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Yellow is an attention-grabbing color that makes a cheerful statement in the landscape. Use these beautiful yellow flowers to liven up your beds, borders and containers.
Supertunia petunias are some of the most versatile plants you can find. They are fantastic landscape varieties and look awesome when planted in a monochrome swath of color or when several colors are mixed. They also perform beautifully in patio planters, hanging baskets, window boxes, raised beds…actually, in any spot that gets at least four hours of sun a day. Six or more hours of sun a day helps maximize their flower power. If you live in a more northern climate, several hours of afternoon sun is the key to getting the best possible flower show.
Catch up on the most loved Facebook, Instagram and Pinterest posts of the year in this year-end roundup.
Who doesn’t like discovering a new ‘must-have’ plant for their garden? Sometimes that new plant is brand new to the market and other times it’s a “new to you” plant that just crossed your path. Either way, every gardener loves successfully selecting something new for their garden. Since it’s the end of the year, we decided to ask several industry friends and colleagues what “new to them” plant they fell in love with this year Not to mention, I’m planning to make ‘my new love’ a part of my garden for years to come. I hope you can find a gem or two for your garden as well.
At the end of each year, we always like to look back…before we look ahead. We like to see and learn from finding out what plants were the most popular with gardeners, and then we ask ourselves why? Was it varieties with bright colors, or plants that invite pollinators into the garden, or hydrangeas that offer blooms we can later bring indoors?
If you enjoy relaxing with a glass of wine and a good book at the end of the day, or sipping a good vino with friends and family, you may enjoy this list of plants that have wine-inspired names. Is it possible that a glass of wine (or two) inspired the names on this list? Let’s just say inspiration comes from many sources!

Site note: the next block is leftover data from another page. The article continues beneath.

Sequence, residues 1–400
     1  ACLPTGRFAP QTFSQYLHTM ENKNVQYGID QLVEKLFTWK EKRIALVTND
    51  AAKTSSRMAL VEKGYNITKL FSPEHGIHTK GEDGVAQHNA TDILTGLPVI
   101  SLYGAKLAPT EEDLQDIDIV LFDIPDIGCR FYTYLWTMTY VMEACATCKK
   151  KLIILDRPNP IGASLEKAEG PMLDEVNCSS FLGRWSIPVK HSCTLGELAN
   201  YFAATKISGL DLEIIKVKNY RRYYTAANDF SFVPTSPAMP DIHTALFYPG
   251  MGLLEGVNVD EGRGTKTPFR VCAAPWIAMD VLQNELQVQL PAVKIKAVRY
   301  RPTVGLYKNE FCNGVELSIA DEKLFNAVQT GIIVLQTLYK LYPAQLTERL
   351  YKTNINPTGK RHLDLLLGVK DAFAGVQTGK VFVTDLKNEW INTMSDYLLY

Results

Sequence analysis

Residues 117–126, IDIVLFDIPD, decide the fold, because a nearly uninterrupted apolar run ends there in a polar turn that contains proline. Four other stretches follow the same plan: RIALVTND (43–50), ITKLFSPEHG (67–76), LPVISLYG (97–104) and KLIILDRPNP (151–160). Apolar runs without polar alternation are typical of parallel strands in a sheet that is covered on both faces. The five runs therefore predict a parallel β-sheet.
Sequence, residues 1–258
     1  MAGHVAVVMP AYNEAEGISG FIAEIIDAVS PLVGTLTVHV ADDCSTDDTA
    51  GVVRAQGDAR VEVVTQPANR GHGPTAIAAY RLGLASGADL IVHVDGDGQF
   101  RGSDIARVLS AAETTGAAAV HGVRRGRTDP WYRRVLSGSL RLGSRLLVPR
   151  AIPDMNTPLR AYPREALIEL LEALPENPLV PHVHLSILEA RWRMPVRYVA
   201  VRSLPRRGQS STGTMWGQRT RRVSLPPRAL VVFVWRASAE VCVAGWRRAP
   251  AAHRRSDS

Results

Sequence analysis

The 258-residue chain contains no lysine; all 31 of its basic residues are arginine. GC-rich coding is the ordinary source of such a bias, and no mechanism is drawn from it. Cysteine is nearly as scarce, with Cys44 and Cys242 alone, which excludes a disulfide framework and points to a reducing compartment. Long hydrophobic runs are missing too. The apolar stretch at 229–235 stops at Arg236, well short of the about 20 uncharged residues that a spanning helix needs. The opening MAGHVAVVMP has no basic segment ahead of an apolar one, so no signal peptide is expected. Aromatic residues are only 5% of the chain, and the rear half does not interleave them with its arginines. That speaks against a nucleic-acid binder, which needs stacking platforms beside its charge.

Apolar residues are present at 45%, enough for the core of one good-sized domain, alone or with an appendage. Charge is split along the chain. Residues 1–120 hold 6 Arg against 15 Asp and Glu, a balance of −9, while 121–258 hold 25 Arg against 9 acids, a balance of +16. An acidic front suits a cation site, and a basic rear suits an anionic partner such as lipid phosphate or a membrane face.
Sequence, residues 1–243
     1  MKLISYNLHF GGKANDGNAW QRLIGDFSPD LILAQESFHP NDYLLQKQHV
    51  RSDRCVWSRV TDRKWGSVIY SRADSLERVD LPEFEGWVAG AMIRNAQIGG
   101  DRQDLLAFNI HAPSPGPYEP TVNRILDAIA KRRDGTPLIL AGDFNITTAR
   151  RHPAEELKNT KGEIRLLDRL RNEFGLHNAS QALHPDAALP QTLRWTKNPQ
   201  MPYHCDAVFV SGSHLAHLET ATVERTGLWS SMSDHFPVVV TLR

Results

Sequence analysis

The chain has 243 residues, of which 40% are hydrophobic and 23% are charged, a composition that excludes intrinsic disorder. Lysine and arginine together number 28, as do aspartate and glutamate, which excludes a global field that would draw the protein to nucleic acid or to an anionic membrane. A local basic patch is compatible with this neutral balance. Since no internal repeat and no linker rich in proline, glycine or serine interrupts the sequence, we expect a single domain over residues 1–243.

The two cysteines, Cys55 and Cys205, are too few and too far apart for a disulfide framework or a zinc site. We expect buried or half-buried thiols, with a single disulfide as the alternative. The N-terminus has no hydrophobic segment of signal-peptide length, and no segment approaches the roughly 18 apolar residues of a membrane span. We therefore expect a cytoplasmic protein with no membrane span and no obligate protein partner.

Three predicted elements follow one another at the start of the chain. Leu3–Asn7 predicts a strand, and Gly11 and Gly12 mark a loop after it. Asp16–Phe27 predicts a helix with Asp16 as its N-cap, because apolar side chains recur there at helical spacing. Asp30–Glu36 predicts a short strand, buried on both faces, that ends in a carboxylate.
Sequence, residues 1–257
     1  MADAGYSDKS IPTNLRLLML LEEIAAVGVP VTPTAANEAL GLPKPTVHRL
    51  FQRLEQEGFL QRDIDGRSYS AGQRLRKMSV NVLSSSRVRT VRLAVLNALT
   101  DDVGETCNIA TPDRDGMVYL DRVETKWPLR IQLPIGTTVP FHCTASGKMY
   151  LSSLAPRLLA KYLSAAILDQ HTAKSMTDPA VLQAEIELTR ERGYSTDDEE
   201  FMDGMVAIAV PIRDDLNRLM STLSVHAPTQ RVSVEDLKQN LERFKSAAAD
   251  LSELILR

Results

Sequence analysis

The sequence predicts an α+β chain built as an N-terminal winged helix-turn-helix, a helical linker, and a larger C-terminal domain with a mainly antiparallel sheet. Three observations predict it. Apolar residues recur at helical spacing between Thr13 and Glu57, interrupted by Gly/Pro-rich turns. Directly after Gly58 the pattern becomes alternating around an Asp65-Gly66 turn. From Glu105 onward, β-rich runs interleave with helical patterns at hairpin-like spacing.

Enjoy this just-for-fun list of plants with spooky names…‘tis the season for ghouls and ghosts galore and orange and black décor too!
Did you know that Proven Winners® now has a program called Proven Harvest®? We are primarily a flower company, but while searching the world for ornamentals, we have found some incredible plants that produce food as well. Some of these plants are both ornamental and edible, like our Berried Treasure® Strawberries, and some are just great fruits, veggies, or herbs. Most of them are part of Proven Harvest, but some of them aren’t. Here’s a bit more about this growing collection of plants.
I get the feeling that orange is an often-overlooked color. Yellow and red, two other hot colors, seem to get better PR than orange, and that is unfortunate since orange is awesome! Whether you combine it with yellow and red to create a party atmosphere on your patio or contrast it with cool blue for a high drama planting, you’ll realize that orange is a much more flexible color than you might have thought. Here are 15 plants with orange flowers to consider for your garden.
I wish I could claim this idea as my own, but it is one I learned of a few years ago when I visited the University of Tennessee Gardens in Knoxville. They had several different gardens that would surely appeal to children, including a garden gnome village and a hobbit house to explore. However, the garden that caught my eye was the Plant Zoo. The plant zoo was planted with varieties whose names referenced animals of all kinds. Sometimes the names were specific plant names, like Tiger Lily, but others were common names like Lambs Ear. The tags in the garden used outlines of the animal in the plant name. I love the concept and I think this would be easy enough to pull off in your home garden with your kids or grandkids helping. Such an easy way to get a child interested in a garden! The plant tags the University had, might not be easily replicated. However, if you want to ID your plants, I think clip art, Sharpies, river rocks, and mod podge would allow the kids to make rock markers for your zoo garden in no time!